The gun dogs are a major sub group of hunting dogs they are comprised mainly of:
- Flushing Spaniels
- Water dogs
Some sites will group these dog groups into smaller or larger groups or class them as part of the ‘sporting group’ of dogs. The main thing that binds all of these breeds together is that they are used by humans who are hunting animals and primarily shoot animals for game (mostly birds and small animals).
The dogs main function is to assist in either identifying the game (pointers) or retrieving the fallen game (shot, alive or dead).
While this may seem vague, there are many other groups discussed and defined on this hunting dog site that perform hunting activities for their owners that are not primarily involved with showing the prey (pointers) or retrieving the game (retriever, setters, spaniels and water-dogs).
For instance scent dogs track unseen animals and the hunter follows behind until the animal is found, then they take over. Sight hounds visually find animals over long distances and then run to the game and hold (and or kill) it until the hunter catches up.
Because the gun dog is meant to retrieve mostly dead game, and leave it in clean unmarked (except for bullet holes) condition, the gun dog is often found to have a soft mouth, be social and potentially a better companion dog than other classes of hunting dog – particularly those bred to kill.
Qualities of exceptional gun dogs
There are many sites that sell gun dog puppies or train gun dogs. In fact most websites for gun dogs are based around these two facets, rather than what is in the best interests of the dog.
One major differentiation you will find about gun dogs (besides the lavish use of gun dog terminology) is that they are trained from a young age to be patient, controlled and pay great attention to where a downed bird is (sometimes having to retrieve it hours after it has been shot).
The very nature of these breeds and the training (making them calm and less aggressive) is the opposite to many hunting dogs that are bred to be muscular and aggressive to bring down and kill big game by themselves, showing no fear and having maximum independence.
Just as many trainers say it is bad to give too much affection to a large game hunting dog that kills, the goal of most gun dogs is to have them as social and affectionate to humans and dogs alike, while still remaining focused on the job at hand when hunting.
The last thing you want to do is have gun dogs having fights with other gun dogs, or eating the game (rather than calmly retrieving it).
Gun dog behavior main requirement
- A highly discriminating sense of smell (second only to scent dogs)
- Pointing / retrieving instinct. Some dogs are much better than other genetically
- Strong work ethic (internal drive to complete tasks regardless of environment)
- Cooperation with the hunter (accepting commands) and ‘desire to please’
- Solid body build for strength and endurance. Not overall strength but ‘power to weight’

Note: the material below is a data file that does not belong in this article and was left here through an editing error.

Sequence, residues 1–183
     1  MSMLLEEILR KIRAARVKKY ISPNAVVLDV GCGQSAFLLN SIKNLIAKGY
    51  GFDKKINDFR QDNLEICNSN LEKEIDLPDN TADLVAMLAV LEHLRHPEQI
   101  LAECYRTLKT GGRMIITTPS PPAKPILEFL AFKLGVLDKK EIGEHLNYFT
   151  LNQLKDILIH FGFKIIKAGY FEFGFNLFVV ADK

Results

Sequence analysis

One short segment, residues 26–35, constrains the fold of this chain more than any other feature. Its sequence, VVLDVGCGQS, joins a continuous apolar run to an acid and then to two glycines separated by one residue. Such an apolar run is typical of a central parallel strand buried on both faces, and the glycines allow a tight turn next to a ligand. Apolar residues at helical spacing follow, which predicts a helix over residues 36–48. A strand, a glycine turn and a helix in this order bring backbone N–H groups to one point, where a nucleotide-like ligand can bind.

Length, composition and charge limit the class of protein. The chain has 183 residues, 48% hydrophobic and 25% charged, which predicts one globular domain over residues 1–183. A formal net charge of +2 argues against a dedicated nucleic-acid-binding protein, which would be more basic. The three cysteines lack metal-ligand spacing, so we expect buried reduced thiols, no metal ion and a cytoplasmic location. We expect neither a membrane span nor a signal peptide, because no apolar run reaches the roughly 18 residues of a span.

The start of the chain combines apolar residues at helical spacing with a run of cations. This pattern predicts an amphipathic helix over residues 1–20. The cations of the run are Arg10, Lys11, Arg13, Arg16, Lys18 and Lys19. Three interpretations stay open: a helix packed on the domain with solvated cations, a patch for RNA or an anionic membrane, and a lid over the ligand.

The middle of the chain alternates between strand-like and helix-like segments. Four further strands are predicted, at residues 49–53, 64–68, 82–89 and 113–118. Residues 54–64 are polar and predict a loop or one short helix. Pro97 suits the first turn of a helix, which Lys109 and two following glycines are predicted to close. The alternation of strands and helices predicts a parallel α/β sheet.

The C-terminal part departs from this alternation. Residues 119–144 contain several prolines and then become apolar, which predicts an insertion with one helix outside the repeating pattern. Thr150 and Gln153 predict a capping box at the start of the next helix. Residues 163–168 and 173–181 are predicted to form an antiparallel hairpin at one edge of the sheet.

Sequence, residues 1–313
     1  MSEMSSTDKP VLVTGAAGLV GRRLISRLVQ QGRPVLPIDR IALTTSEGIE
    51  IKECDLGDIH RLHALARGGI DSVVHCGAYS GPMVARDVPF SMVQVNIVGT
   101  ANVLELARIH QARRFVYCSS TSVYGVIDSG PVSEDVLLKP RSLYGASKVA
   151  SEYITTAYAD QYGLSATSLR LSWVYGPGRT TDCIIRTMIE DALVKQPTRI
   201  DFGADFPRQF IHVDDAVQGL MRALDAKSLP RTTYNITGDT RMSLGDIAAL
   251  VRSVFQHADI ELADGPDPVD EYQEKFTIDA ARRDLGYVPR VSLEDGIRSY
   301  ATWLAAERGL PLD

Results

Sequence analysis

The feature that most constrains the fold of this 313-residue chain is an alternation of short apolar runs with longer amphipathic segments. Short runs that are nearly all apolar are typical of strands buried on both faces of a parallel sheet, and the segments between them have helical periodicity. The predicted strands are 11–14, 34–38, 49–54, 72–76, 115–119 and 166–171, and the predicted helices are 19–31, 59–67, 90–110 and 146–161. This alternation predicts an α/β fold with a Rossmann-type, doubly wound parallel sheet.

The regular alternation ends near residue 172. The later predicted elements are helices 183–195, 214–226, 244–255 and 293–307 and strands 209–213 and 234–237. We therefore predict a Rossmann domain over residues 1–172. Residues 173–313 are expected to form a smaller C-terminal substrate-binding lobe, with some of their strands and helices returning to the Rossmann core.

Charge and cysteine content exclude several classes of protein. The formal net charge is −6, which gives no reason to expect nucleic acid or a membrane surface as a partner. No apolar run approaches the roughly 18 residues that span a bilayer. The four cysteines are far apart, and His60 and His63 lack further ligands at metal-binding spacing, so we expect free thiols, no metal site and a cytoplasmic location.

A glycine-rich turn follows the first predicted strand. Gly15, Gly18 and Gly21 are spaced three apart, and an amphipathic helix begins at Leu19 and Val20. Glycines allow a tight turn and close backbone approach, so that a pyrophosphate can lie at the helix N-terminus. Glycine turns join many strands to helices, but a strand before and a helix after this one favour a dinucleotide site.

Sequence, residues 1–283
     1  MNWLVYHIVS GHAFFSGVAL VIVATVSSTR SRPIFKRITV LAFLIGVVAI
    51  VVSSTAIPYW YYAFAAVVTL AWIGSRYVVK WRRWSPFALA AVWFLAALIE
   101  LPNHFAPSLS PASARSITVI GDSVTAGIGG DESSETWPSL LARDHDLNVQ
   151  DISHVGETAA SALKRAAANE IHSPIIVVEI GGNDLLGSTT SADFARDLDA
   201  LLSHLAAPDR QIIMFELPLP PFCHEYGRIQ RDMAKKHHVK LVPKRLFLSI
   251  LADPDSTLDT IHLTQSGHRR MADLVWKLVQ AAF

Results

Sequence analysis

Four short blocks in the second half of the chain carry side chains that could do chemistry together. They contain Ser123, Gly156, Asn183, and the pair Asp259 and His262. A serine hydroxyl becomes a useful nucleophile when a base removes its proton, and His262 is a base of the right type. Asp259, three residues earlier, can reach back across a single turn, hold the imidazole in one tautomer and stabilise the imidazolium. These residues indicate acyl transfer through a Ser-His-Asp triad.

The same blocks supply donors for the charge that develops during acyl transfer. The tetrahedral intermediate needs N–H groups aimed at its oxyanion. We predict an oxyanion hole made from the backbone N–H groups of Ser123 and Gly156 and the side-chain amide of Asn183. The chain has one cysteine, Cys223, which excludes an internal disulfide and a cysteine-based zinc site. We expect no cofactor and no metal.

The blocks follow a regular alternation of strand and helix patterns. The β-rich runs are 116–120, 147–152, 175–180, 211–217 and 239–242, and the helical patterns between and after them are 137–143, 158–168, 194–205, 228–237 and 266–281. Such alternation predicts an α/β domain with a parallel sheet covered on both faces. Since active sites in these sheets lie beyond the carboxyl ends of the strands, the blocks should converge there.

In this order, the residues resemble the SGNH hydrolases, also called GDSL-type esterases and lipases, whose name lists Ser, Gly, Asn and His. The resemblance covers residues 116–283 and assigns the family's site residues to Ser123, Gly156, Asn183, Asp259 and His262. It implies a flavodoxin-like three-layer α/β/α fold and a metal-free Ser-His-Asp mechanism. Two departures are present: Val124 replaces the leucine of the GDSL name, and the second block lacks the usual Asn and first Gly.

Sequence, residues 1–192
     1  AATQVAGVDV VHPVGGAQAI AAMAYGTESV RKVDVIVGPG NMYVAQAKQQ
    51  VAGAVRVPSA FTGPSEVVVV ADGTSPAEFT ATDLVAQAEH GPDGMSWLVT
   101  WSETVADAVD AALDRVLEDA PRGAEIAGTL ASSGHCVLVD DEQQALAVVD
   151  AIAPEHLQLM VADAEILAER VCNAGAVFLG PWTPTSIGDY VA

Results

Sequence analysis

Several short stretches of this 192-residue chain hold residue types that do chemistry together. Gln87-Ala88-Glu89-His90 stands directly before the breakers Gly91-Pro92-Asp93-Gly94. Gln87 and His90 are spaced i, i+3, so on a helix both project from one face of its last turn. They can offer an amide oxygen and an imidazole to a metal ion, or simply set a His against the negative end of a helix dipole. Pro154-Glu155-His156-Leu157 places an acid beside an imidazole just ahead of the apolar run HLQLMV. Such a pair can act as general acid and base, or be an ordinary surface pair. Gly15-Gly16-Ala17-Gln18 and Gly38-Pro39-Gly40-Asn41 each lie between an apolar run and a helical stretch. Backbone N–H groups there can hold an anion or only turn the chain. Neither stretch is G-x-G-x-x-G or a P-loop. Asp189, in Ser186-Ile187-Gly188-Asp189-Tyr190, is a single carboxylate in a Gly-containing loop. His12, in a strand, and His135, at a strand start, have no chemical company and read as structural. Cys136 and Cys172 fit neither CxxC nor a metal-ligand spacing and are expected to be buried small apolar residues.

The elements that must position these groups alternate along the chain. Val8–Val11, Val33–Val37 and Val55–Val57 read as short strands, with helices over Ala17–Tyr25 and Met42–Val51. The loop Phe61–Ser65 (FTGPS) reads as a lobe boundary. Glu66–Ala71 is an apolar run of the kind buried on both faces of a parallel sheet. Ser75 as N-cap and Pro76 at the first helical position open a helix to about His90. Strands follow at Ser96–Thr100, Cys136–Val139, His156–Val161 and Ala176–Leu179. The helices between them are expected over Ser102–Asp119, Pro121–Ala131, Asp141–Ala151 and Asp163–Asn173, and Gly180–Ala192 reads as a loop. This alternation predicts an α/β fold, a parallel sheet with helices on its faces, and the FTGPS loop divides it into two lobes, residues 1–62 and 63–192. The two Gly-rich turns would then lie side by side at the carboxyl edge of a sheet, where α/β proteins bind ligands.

- Coats that protect the dog from the weather & environment while hunting
- Mental toughness and stability (the fine balance between task completion, independence and accepting commands willingly)
And like any dog on earth these dogs require proper socialization, nutrition, discipline and exercise. The discipline is primary in training, but without adequate socialization and general health a hunting dog cannot maintain its fitness to retrieve in difficult conditions for long.
In this introductory article I will not go into depth the training required of this group, as that would make the article too long and it would be too generic.
Suffice to say that future articles will take care of such specific training needs of specific breeds within the gun dog group.
While you may raise a gun dog in a home environment, just as many fine working dogs like border collies often become part of the family after working hours, it is useful to note that as puppies these GUN dogs require all of the regular nurturing that any dog does.
Typically gun dogs need house training, learning what they can and can’t chew, recall, sit and stay etc. The one extra thing they might be exposed to as a young dog (not puppy per se) is objects that can potentially frighten them or distract them, so that they become desensitized (to distractions and gun shot noises) and pay more attention to the owner, hunter.
Some gun dog hunters find this (puppy) period one of the more difficult periods to manage. Many gun dogs like cocker spaniels can be quite sensitive dogs when puppies and adults, and harsh tones of voice or large truck exposure too early in life without the dog feeling secure, can lead to timidness and break the dog as a good gun dog.
A good gun dog owner knows that a dog is a sentient being well above just being a tool used for hunting. They become a friend, part of the team and part of the family.
Like all good training, of any kind of dog, making the training seem like a game, something pleasurable that has a positive reward for the right behavior or outcome really accelerates training and makes for a happy dog as they feel useful in having performed what you want them to.
Dogs did not evolve from wolves and cohabit with humans to live in isolation, they poses the very rare ability to want to do this, to become domesticated, so it is our task to allow them to feel wanted by completing tasks they believe we value, as well as allowing them plenty of non hunting time to explore areas.